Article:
27 October 2011, Review by Christopher Allmand
Heroes but also human beings
This Seat of Mars: war and the British Isles 1485-1746
Yale University Press, £25
Tablet bookshop price £22.50 Tel 01420 592974
E very age has written about war, and books about it abound today as never before. It is Charles Carlton’s aim to describe the development of the army in England between the battle of Bosworth (1485) and the mid eighteenth century, with much emphasis being placed on its contribution to the process of English nation-building. Part of this book consists of a chronologically based consideration of the role played by the army in France and Ireland under the Tudors; later, in the struggle for power waged between Charles I and Parliament; later still, through its growing contribution to the maintenance of internal security (“policing”) and external defence. By the eighteenth century the standing army, now under civilian control, was becoming increasingly disciplined and “professionalised”, earning greater respect for those who served in its ranks. Alongside the chapters given over to the work and achievements of armies (navies are not entirely forgotten), several chapters are also devoted to observing soldiers as they lived out their military experiences, whether in barracks, on campaign, during sieges or in battle. The soldier as an individual, rather than as a member of an army, is never forgotten.
Soldiers, the study by the late Richard Holmes, is the last book from the prolific pen of a notable and popular military historian. As its title suggests, it approaches the English army (in this case between 1660 and more or less the present day) mainly through a consideration of its personnel and the society from which it was drawn. The British soldier was a man of many and varied backgrounds. What encouraged him to respond to the blandishments of the recruiting officer and accept the king’s shilling for agreeing to enlist?
Some sought the respect, even honour, accorded to the soldier by society; to many, the soldier’s life brought adventure and, perhaps, glory; to others, it was a means of avoiding unemployment (and even the arm of the law); others still were drawn by the splendour of the “proud uniform” they might wear. Once enlisted, the soldier joined an organisation that was to play a role of ever- increasing importance in the social and political world of its day, not least through the influence it exerted upon the fiscal policies of government. “What was it like to be a soldier in …?” Both books are concerned with this question. Their answers make use of a wide range of anecdotal evidence to illustrate and draw conclusions regarding many aspects of military life. Fundamental to an army’s success was its cohesion, in which loyalty to the regiment, often raised in a particular locality, provided an awareness that the individual soldier belonged to a “society” with a proud and often glorious history behind it.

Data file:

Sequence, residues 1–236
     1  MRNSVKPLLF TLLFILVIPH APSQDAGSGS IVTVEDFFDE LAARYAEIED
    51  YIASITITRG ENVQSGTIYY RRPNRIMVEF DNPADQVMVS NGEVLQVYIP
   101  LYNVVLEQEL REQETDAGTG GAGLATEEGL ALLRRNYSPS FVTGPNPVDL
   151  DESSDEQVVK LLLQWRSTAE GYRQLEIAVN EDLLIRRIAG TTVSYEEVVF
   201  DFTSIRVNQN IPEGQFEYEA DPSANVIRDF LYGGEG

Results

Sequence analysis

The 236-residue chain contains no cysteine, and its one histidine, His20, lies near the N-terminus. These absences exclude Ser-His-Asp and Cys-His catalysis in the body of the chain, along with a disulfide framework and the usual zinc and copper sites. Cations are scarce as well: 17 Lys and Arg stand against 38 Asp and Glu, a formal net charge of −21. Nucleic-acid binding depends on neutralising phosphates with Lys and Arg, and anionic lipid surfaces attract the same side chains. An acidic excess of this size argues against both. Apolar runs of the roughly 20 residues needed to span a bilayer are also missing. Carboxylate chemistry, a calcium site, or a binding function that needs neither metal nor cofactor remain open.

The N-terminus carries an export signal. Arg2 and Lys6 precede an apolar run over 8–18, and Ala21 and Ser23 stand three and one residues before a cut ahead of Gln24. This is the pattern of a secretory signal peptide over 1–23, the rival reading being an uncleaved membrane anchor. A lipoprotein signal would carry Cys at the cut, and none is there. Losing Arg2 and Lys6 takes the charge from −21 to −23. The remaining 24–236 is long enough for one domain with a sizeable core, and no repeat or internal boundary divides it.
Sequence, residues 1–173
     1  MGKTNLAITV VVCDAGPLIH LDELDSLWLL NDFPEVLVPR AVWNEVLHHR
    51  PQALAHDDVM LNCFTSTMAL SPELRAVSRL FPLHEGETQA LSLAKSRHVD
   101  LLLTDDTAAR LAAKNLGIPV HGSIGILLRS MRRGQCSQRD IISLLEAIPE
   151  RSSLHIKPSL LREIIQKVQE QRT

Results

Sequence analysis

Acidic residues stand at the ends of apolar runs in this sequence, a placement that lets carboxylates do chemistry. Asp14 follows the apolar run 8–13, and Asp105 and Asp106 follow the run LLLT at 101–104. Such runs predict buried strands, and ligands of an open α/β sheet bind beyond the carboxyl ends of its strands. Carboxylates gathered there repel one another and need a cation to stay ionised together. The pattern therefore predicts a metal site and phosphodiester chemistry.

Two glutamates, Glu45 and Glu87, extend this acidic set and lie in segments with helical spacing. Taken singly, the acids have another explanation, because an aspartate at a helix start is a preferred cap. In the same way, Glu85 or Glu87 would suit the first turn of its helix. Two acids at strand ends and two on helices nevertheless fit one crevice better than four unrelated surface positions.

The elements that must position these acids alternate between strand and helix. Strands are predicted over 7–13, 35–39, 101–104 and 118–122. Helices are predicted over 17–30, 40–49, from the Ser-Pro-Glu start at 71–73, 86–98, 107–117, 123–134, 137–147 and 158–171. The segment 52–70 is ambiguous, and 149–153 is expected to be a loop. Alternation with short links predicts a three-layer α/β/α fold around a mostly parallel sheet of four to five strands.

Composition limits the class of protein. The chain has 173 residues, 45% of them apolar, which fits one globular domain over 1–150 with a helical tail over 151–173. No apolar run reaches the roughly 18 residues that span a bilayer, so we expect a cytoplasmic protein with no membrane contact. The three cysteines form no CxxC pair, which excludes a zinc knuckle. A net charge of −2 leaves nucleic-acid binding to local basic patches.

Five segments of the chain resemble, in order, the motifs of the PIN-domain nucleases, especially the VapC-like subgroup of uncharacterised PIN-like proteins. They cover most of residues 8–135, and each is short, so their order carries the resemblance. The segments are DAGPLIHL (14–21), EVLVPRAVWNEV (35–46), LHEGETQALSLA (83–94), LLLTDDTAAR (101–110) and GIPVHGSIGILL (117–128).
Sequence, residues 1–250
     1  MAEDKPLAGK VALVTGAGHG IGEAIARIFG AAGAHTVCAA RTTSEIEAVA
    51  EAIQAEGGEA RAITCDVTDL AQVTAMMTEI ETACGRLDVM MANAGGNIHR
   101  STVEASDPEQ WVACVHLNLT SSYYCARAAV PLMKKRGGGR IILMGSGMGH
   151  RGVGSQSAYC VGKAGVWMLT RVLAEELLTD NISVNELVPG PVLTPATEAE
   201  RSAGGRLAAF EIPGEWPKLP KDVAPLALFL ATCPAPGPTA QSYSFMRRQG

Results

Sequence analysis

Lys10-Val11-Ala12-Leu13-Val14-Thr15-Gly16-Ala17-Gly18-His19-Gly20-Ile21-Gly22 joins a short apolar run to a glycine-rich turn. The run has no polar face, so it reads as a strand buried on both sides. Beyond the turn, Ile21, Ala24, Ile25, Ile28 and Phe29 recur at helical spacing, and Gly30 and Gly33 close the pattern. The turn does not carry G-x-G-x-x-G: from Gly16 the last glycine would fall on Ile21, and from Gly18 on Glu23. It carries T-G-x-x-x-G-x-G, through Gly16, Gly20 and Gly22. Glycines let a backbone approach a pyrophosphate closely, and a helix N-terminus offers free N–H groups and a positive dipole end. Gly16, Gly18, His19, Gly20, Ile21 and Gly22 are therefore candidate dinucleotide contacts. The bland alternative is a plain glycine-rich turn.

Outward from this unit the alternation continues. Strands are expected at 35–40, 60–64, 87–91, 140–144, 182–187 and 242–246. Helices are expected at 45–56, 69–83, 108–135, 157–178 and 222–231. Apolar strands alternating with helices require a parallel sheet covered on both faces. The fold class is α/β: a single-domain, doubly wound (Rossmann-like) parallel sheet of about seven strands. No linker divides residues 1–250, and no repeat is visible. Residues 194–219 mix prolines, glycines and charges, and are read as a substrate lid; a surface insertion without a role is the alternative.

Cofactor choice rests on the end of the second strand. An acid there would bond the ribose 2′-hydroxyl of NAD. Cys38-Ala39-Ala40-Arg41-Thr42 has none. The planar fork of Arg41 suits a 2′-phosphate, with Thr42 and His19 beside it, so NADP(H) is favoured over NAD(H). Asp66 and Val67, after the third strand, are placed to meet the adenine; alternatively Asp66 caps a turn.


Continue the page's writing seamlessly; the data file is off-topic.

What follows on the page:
In their different ways, both authors deal with a variety of aspects of the military life: the problems of feeding large numbers of men in sometimes hostile territory; the conditions under which soldiers served, not least the training for battle which they received; the material rewards which could be won, and all too quickly lost; the systems of promotion awarded for loyal service, or bought for cash, which was a good investment for some; the life in camp and in the officers’ mess; the fears experienced by soldiers, as well as by their womenfolk, when armies went off to war; and, not least, the important role played by military chaplains, here properly recognised by both authors. I am sure that many will enjoy, as I did, a chapter in Richard Holmes’ book dealing with “military English” which produced many words and phrases that would one day become an acceptable part of the wider language.
Two general conclusions emerge from these books. One is the inescapable fact that the soldier must be trained to be ready, mentally and practically, to kill, “for it is killing – more than anything else – that makes wars decisive”. By contrast, another (underlined in both studies) is the slow, gradual emergence of the army as an increasingly humane organisation whose task has been to go beyond the killing and to contribute to the restoration of order in societies previously at war. It comes as no surprise that the role of the British soldier as peacemaker has developed markedly in recent times. The wise Roman who wrote long ago that those who seek peace must prepare themselves to fight for it was right. The army represents the state’s readiness to defend and protect its citizens; the fear of losing may deter an enemy who knows that he is likely to face defeat. It is recognition that training and constant preparation are a vital part of a soldier’s life which makes us respect him, and honour his dead companions. Yet, as these books show, the history of the army is more than the history of an institution. Important as that is, we should remember that it is also about men, heroes as well as cowards, their successes, sufferings and failures. On the evidence provided here, it is a very human story. Both books, written by men with practical experience of military life behind them, are worth reading. They complement each other well.
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